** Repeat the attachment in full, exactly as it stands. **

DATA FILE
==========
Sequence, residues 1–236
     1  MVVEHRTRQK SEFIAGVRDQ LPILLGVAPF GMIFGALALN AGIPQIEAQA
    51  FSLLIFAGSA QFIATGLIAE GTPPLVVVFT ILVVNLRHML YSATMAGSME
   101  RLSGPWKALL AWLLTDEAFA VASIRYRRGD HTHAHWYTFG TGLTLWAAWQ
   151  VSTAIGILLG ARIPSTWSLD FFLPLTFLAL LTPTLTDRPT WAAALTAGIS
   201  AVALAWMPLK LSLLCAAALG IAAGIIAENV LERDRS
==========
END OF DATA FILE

Sequence, residues 1–236
     1  MVVEHRTRQK SEFIAGVRDQ LPILLGVAPF GMIFGALALN AGIPQIEAQA
    51  FSLLIFAGSA QFIATGLIAE GTPPLVVVFT ILVVNLRHML YSATMAGSME
   101  RLSGPWKALL AWLLTDEAFA VASIRYRRGD HTHAHWYTFG TGLTLWAAWQ
   151  VSTAIGILLG ARIPSTWSLD FFLPLTFLAL LTPTLTDRPT WAAALTAGIS
   201  AVALAWMPLK LSLLCAAALG IAAGIIAENV LERDRS